Denny Hecker has a new home. Again.
The failed Minnesota auto mogul, who is serving a 10 year federal prison sentence for fraud, was recently moved to his ninth federal prison in five years.
The U.S. Bureau of Prisons confirmed this week that Hecker was transported from a federal prison in Littleton, Colo., to one in Pekin, Ill., sometime in November but would not say why.
Hecker, 63, had been at the Federal Correctional Instituion in Littleton, Colo., since spring 2013. He was moved there after being bounced from prison to prison for about a year.
Attorneys familiar with Hecker's case and the jail relocation tactic said that some of the prison moves were part of a disruptive "diesel therapy" designed to get troublesome inmates to understand who is in control. Hecker was reported to have repeatedly abused cell phone privileges while in jail several years ago.
After his arrest in 2010, Hecker was originally jailed in Sherburne County before being sentenced to the federal Duluth Prison Camp in spring 2011. From there, he was relocated (sometimes more than one time) to prisons in Wisconsin, Indiana, Oklahoma, and Loretto and Scranton, Pa.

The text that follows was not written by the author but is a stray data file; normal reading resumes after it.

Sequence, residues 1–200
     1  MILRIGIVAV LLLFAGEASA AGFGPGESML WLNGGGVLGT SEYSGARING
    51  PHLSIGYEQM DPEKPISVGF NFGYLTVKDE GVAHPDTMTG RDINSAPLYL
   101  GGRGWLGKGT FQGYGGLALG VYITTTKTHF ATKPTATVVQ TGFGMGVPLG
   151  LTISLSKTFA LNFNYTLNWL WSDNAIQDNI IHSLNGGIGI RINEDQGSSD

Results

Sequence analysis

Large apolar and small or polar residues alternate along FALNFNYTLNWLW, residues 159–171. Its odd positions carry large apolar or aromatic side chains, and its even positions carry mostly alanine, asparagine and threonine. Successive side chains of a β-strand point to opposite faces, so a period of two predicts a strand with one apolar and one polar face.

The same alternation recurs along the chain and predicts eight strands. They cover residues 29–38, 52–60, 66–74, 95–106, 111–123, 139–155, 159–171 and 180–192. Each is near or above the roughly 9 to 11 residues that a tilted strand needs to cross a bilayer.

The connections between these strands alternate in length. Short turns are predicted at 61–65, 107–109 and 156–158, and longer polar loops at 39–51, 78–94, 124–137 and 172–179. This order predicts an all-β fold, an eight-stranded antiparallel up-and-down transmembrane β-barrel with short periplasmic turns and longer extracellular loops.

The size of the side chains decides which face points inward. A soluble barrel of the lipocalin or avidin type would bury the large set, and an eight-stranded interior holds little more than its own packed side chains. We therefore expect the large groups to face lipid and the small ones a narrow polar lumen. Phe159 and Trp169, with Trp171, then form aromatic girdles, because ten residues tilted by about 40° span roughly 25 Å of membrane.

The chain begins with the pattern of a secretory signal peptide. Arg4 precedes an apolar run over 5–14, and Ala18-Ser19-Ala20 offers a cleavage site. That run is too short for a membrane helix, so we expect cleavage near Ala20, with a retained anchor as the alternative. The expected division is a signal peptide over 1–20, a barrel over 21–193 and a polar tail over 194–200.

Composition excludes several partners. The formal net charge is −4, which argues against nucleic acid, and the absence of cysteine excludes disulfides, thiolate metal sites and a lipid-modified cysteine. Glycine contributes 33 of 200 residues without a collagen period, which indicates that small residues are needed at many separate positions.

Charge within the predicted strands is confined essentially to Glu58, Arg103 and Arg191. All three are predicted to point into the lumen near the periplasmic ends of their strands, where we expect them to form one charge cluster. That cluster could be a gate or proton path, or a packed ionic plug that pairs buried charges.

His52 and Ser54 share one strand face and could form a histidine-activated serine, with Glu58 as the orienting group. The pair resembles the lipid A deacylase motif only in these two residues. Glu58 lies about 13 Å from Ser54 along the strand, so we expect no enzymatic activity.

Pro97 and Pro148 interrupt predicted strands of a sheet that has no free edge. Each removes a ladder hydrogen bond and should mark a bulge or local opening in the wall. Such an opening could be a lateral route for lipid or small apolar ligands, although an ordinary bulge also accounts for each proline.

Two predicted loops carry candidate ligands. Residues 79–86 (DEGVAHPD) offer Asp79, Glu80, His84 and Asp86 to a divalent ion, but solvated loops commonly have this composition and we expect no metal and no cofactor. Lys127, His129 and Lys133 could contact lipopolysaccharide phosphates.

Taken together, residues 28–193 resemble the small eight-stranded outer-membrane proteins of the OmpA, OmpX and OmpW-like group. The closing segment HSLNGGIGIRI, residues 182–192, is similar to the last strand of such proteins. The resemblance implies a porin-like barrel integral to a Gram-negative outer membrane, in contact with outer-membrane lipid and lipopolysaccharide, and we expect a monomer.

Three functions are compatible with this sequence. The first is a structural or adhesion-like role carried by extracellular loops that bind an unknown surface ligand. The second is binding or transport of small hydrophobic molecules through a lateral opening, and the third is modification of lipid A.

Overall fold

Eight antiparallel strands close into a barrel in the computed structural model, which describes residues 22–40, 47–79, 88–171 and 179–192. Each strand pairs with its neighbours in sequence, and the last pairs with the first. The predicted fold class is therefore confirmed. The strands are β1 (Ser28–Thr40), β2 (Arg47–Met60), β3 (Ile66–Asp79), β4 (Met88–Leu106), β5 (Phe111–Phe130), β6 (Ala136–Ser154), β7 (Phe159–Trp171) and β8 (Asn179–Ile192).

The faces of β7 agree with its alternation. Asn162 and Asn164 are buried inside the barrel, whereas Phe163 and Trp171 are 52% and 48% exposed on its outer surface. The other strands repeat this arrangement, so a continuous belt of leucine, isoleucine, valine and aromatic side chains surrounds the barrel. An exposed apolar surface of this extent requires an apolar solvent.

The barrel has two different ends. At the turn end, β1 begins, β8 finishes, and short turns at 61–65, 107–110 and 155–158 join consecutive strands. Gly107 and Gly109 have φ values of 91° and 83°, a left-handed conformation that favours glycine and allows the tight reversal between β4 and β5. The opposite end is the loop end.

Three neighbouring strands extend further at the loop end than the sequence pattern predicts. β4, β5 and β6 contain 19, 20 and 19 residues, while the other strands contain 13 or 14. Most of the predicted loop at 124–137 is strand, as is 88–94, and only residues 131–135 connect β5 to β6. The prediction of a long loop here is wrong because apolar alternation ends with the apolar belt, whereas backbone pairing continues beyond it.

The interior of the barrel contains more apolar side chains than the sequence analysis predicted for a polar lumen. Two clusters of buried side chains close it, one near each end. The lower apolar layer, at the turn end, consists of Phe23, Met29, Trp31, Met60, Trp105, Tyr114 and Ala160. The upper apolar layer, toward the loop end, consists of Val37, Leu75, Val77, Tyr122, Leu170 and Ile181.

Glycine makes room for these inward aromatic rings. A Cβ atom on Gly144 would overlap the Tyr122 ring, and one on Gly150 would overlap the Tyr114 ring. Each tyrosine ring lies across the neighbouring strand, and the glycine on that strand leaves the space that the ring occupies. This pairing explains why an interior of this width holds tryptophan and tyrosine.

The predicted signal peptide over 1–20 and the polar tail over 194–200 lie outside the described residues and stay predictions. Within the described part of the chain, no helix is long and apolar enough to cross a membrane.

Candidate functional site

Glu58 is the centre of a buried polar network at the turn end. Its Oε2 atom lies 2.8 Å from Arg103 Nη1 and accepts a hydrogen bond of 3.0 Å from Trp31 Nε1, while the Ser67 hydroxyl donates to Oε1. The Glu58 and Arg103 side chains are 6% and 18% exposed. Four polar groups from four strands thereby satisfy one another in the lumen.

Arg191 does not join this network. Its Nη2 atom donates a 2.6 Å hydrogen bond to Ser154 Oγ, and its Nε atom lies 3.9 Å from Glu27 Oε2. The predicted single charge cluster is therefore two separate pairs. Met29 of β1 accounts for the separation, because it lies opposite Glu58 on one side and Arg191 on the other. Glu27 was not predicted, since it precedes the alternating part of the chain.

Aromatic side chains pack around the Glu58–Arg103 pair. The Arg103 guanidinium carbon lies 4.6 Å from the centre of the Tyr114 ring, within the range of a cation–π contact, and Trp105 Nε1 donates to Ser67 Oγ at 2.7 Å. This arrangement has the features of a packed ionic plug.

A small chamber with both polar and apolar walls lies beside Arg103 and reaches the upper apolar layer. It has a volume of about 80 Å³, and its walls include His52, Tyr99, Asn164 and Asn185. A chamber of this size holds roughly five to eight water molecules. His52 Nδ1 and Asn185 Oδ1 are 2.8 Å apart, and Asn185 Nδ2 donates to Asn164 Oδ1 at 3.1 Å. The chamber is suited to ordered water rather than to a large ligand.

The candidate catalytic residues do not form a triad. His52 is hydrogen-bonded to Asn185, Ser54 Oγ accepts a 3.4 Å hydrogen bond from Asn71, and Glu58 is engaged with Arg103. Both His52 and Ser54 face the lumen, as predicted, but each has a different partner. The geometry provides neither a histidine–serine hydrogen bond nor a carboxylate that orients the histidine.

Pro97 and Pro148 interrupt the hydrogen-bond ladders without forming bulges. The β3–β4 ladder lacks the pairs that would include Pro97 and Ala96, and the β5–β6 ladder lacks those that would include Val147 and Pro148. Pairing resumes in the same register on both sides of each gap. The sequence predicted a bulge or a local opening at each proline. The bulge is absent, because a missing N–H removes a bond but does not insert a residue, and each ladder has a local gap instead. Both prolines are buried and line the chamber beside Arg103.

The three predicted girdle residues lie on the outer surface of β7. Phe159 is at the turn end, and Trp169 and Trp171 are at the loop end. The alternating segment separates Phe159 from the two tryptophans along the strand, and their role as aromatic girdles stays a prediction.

As far as Hecker's latest prison move, it is not clear what prompted it or how long he will be in Illinois.
Bureau of Prison spokesman D. Williams would say only, "The reason for his transfer is not considered public information and will not be disclosed."
The once loud, lively and hyper-promotional Hecker was sentenced to 10 years in prison in March 2011 for altering bank loan documents and scamming auto-fleet lenders and the U.S. Bankruptcy Court out of millions of dollars.
He filed for bankruptcy in 2009, claiming he owed creditors nearly $800 million. Once indicted on criminal charges, he still insisted he had no money and needed and won a public defender.
However, the bankruptcy trustee found evidence of Hecker eating at fancy restaurants, getting pool service and illegally tapping into secret insurance funds, loaded cash cards and bank loans that were not reported to the bankruptcy court.
Hecker could be released from prison as early as July 4, 2019, which assumes he gets credit for participating in the federal government's drug and alcohol treatment program. Hecker has been ordered to pay $31.36 million in restitution to victims.